Marco Battaglini

These paintings by Marco Battaglini are perhaps the best example of classical meeting modern that I know of:
MARCO BATTAGLINI

Battaglini invites us to think that in today’s global village, with the ‘democratization’ of culture, the evolution of knowledge, information immediacy, immersed in the heterogeneity, the Patchwork Culture forces us to confront with a need understanding beyond our geographical boundaries of time. Probably the uniqueness of the Italian artist Marco Battaglini is to conceptualize the possible coexistence of the ideals of classical beauty with the anti-aesthetic, the combination of the divine and refined with the vulgar, through a composition that can complement different realities in an eternal instant. His research of multidimensionality leads him to overlap different temporal, spatial and cultural realities, where everything seems to make sense… This is ultimately the Battaglini’s purpose: remove barriers that distort the perception of reality.
You can see more of the experly painted works below:
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Pictures via Saatchiart.com

 

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Aiko Tezuka

Back at home, I thought it was time to do some gallery hopping. And the reason why I visited Mikko Sato Gallery is because of artist Aiko Tezuka, who’s work is often composed of fabrics that she either finds or designs, and involves both making and destroying as she and her helpers unpick portions of the fabric revealing the warp and the weft of the original looming process.

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Aiko Tezuka came to Europe from her native Japan in 2010, first to London and then to Berlin, on a Künstlerhaus Bethanien Residency. She now lives and works in a flat in the fashionable Neukölln area in southeast Berlin.

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“Over the years I have become increasingly fixated on fabrics, especially those preceding the 17th century and the ancient eras. When visiting fabric museums, I often wonder how the early textile artists made such exquisite pieces without electricity. It is apparently now impossible to remake 8th century Japanese fabrics, even if we were to use the latest technology, because the techniques have since been lost.  I am interested in loosening up these invisible narratives to unravel forgotten histories or discover new plotlines. Pervading my creative processes are techniques and rules that I have developed over time: untying and unwinding fabric, revealing its structure, juxtaposing time and place, to name but a few. I do not cut or paste, or add or subtract matter. By unravelling and recomposing the structures and stories hidden within the material, I try to capture overflowing time and the continuous process of metamorphosis.” Foto 2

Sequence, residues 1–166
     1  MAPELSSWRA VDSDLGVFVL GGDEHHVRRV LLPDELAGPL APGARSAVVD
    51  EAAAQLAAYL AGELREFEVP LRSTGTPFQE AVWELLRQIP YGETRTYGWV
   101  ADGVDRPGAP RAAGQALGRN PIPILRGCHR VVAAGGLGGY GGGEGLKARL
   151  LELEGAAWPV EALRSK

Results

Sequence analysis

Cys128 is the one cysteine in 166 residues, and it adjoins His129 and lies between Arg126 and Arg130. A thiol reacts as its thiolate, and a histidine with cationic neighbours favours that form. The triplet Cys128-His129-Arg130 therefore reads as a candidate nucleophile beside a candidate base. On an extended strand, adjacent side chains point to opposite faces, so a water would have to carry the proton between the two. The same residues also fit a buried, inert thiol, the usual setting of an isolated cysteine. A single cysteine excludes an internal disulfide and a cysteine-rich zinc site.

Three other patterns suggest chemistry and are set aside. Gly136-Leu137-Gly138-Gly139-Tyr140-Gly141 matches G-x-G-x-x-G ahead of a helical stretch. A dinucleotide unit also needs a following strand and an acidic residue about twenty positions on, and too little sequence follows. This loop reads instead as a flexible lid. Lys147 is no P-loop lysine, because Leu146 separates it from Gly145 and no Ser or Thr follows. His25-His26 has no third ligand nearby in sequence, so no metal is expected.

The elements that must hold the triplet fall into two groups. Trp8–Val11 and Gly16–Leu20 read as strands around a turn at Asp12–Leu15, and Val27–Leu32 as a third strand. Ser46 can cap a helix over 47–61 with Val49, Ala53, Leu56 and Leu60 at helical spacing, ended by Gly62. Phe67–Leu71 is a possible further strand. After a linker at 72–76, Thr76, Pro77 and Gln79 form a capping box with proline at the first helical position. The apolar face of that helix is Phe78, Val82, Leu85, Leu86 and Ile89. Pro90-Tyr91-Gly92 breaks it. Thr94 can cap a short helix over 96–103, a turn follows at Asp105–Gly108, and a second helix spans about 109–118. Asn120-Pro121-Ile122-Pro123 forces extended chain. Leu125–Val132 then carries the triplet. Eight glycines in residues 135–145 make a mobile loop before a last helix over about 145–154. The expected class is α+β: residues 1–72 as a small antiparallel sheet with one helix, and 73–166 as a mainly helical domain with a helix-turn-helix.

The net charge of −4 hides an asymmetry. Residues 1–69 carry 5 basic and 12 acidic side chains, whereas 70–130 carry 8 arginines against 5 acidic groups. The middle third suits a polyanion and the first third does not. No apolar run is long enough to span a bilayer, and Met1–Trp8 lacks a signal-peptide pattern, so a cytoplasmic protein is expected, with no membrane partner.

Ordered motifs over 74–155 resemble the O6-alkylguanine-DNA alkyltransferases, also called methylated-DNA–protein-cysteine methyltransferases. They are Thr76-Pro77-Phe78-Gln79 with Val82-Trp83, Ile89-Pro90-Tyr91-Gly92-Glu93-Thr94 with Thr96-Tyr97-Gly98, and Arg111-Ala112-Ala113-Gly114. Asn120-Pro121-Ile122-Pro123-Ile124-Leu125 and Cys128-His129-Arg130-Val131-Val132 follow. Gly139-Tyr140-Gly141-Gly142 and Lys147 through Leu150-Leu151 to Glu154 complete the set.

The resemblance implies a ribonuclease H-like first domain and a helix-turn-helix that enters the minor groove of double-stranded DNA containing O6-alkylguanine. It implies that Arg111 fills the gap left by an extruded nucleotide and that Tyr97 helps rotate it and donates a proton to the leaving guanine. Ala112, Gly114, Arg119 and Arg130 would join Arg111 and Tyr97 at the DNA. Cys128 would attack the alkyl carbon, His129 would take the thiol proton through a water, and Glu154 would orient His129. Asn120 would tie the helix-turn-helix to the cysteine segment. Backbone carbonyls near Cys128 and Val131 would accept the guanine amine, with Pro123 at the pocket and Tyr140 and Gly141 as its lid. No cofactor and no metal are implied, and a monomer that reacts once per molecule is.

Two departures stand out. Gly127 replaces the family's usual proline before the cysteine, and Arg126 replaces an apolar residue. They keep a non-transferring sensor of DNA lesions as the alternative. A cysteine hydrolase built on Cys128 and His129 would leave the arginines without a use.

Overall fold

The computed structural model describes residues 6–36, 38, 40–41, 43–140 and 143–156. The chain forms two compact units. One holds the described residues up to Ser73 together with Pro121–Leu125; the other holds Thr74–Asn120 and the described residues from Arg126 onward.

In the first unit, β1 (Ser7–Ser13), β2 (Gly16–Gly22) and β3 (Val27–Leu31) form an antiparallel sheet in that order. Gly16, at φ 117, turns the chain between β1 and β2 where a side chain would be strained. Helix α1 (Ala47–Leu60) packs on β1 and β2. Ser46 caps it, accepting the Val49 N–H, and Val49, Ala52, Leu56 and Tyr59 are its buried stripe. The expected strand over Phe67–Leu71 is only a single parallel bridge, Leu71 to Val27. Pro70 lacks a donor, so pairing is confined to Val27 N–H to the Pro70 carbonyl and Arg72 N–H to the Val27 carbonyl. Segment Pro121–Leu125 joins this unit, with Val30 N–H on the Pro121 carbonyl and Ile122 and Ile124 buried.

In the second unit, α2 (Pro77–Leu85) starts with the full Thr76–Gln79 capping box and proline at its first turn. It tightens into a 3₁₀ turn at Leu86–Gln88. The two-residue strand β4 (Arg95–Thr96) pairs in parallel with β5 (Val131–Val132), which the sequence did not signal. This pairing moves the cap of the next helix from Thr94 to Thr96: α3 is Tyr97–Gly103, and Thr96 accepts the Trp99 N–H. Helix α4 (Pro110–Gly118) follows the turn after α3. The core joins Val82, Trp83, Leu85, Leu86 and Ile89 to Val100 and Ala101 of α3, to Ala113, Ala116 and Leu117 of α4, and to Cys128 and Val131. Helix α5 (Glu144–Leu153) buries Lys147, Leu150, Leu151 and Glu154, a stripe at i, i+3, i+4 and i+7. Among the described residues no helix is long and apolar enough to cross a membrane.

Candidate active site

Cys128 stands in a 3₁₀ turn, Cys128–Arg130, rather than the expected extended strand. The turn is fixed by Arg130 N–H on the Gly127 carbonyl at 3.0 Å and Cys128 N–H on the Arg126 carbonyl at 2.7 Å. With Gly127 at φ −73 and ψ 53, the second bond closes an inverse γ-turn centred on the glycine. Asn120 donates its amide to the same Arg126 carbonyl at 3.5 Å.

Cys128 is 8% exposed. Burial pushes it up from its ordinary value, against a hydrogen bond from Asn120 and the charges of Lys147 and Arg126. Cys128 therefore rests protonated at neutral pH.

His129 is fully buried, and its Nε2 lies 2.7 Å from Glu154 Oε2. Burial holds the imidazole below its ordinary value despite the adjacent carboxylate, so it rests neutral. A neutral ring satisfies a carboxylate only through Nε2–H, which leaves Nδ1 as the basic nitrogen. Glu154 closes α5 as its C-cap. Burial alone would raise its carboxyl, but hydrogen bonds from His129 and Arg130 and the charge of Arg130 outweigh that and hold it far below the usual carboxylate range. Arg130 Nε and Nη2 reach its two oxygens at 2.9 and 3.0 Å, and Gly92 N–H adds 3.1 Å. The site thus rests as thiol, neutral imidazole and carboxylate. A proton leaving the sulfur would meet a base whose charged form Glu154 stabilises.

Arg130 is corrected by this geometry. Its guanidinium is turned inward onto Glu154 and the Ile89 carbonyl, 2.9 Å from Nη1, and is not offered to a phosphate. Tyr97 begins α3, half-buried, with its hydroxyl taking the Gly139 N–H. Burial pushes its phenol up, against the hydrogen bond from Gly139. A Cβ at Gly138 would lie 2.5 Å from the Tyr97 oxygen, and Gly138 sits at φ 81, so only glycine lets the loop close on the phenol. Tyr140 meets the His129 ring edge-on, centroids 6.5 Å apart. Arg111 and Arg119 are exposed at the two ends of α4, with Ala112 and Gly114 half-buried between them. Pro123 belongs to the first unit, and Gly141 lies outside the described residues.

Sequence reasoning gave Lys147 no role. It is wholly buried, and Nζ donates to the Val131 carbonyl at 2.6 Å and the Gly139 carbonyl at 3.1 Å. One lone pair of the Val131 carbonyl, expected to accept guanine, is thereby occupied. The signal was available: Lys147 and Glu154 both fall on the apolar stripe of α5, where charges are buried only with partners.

“I endeavor to weave the fabric of our time into my fabric with both a sense of timelessness and temporariness. Therefore, though it may seem transient and ephemeral, I hope the presence of my piece to be felt far beyond our time.” Foto 3 Foto 4 Foto 5

And she deserves so much more than just a few pieces being showed in this small gallery. Like this shit is for museums. One day when I have mucho dinero one of her art pieces will be hanging on my walls. I swear.

Van Gogh and Vermeer

And then you have all that Van Gogh and Vermeer all over the fashion pieces. And heaven just came to earth.

Eric Franzel, the designer of Franzel Amsterdam dropped his SS15 collection during Mercedes Benz Fashion Week Amsterdam a couple of days ago. And this collection is so Ghetto-Chanel (in case you don’t know that’s my new term to describe a unique combination of street couture and haute fashion) and that’s what Franzel Amsterdam is representing: a clean mix between menswear and sportswear with a touch of street. It’s fashion for a man who takes life head on and is not afraid to fall and pick him self up in the process.

And beyond the fashion aspect this collection is representing myself so hardcore. Because…like…not only do I wish people in my hood would walk around like this. Like I don’t even know how to explain it. And you know what’s funny?! The streets in my hood are named after famous painters like Kandinsky or Edvard Munch and probably 90% of the people here can’t associate any painting to the name. Like basically that art and street aspect is what is catching me, if that makes any sense. However…this Franzel Amsterdam fashion is just so smart.